Mon, Apr 9 2012 12:47
I am an identical twin. Like many twins, my sister and I have lived strangely parallel lives. We both married men with odd names (Marrku and Bernd respectively). We both worked in campus ministry in the Pacific Northwest and in the former Soviet Union. And we both are now employed in vocational fields from which others occasionally recoil. My sister is a hospital chaplain. When she tells people what she does – that she sits with the dying -- a good percent of her conversation partners take a literal step backwards, as if she is a carrier of the condition of her clients, as if cancer were communicable. I work in the environmental field. Because I live in Canada where “the environment” is hip, few people are physically repulsed by my vocational admission, but I have had those who stare at me as if I have something green hanging out of my nose or who change the subject so abruptly that you can hear the tires of their mind screeching.
The offensiveness of our vocations lies in their affront to status quo. The environment is just so gritty and inconvenient. Spend too much time in it and you’ll likely get dirt on your pants and sweat on your brow. Death is so messy and just plain sad. It always comes at such a bad time.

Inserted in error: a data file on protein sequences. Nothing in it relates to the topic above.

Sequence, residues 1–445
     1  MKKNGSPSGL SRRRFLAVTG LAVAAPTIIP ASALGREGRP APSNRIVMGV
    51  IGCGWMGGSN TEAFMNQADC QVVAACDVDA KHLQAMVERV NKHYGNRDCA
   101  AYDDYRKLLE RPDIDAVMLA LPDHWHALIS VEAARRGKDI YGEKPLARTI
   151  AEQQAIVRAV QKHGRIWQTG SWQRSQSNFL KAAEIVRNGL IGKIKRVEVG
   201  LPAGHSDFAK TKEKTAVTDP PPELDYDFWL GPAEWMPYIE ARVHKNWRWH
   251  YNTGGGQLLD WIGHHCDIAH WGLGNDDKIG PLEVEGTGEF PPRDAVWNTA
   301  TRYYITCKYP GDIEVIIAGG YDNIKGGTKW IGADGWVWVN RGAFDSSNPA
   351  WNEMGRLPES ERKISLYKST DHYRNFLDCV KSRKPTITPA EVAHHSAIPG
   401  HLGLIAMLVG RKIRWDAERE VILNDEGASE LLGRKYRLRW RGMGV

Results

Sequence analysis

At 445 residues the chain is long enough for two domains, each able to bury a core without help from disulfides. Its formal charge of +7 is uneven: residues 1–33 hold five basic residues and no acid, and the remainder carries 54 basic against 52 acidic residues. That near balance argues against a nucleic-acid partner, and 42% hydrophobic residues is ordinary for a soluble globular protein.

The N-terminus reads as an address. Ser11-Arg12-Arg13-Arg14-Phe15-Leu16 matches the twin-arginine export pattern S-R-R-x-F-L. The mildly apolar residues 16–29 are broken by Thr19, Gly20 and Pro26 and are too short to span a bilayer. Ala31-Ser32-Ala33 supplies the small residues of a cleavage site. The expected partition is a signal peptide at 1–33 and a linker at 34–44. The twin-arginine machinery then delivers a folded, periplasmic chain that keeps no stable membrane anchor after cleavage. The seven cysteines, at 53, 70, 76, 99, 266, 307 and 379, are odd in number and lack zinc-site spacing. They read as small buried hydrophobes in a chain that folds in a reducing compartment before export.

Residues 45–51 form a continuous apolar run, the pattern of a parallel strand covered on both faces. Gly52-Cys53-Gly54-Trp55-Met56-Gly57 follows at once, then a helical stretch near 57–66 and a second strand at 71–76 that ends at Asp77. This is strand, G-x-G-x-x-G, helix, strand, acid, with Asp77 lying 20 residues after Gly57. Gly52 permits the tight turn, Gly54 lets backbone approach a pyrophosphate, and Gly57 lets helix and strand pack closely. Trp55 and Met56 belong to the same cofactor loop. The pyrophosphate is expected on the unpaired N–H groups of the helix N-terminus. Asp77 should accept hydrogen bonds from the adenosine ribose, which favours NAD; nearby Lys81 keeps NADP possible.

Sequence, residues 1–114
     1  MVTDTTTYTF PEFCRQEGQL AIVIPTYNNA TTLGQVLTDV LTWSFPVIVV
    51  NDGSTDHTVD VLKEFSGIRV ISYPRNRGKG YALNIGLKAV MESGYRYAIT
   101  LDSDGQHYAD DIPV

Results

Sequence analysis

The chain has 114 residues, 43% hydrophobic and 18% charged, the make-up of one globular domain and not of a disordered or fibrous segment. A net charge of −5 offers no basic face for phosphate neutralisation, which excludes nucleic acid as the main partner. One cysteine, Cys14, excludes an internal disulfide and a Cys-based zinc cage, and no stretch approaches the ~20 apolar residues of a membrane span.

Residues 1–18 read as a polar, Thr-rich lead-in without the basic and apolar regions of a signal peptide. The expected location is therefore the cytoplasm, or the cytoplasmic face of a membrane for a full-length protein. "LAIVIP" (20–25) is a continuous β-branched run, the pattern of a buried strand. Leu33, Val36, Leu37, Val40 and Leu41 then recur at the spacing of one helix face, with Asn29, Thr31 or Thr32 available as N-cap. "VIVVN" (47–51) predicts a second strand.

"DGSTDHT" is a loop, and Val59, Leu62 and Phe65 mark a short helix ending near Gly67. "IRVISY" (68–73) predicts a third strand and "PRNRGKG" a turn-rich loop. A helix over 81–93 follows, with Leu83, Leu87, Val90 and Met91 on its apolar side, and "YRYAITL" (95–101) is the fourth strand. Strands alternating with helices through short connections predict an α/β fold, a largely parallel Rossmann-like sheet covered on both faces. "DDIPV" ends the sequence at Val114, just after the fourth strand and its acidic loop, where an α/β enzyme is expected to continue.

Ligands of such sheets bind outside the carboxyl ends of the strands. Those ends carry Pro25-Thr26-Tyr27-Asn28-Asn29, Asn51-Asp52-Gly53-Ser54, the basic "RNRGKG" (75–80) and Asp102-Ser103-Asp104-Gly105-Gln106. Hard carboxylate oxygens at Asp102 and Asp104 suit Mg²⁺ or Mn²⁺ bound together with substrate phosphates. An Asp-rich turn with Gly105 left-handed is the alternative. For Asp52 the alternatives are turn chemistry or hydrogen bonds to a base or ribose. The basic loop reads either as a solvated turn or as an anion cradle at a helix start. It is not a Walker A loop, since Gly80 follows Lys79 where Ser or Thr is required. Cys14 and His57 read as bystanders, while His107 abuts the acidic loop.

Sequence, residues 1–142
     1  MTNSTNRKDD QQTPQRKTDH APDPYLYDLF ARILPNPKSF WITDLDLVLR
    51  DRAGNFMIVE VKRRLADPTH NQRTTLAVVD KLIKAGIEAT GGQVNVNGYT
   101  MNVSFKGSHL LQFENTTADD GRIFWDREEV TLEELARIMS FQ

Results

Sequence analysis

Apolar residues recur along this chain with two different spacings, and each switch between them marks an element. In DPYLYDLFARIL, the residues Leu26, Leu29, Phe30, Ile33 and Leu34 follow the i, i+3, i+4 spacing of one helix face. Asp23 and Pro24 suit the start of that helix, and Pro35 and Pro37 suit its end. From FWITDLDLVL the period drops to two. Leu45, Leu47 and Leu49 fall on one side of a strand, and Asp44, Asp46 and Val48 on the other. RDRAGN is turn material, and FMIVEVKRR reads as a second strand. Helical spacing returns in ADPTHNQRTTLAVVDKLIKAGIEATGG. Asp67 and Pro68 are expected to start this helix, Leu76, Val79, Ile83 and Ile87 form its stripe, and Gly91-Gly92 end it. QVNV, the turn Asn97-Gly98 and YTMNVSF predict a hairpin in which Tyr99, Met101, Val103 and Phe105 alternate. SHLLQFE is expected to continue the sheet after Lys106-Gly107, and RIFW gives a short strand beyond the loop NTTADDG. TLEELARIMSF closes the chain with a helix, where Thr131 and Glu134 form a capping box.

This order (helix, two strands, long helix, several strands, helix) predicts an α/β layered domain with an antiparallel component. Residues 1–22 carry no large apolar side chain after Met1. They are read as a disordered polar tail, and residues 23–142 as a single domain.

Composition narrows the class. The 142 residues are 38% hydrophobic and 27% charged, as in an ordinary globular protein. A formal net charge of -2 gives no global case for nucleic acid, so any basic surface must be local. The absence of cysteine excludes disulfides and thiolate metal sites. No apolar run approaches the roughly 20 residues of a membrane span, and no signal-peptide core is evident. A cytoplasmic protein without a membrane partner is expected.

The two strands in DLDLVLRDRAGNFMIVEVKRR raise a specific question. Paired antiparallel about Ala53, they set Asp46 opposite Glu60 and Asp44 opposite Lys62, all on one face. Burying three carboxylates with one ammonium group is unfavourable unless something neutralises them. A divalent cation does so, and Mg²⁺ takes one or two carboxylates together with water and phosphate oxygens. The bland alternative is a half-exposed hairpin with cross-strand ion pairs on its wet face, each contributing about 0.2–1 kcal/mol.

But life is born out of the messiness off death. This is the pattern of creation. The log rots, nourishing the soil, and the sapling thrives. The salmon spawns, flopping exhausted on the river’s edge, and the eagle feasts. It’s the pattern of life -- a pattern played out in creation’s never ending integration of the shadows of life and death.
This integration is like a Japanese art form. The rot, the darkness, the suffering, and the life that brings a good death get folded in and over and around and become an integrated whole. It’s the pattern of Easter over and over, folded into a life that hangs like a delicate origami crane, weightless and wonderful for all the world to see.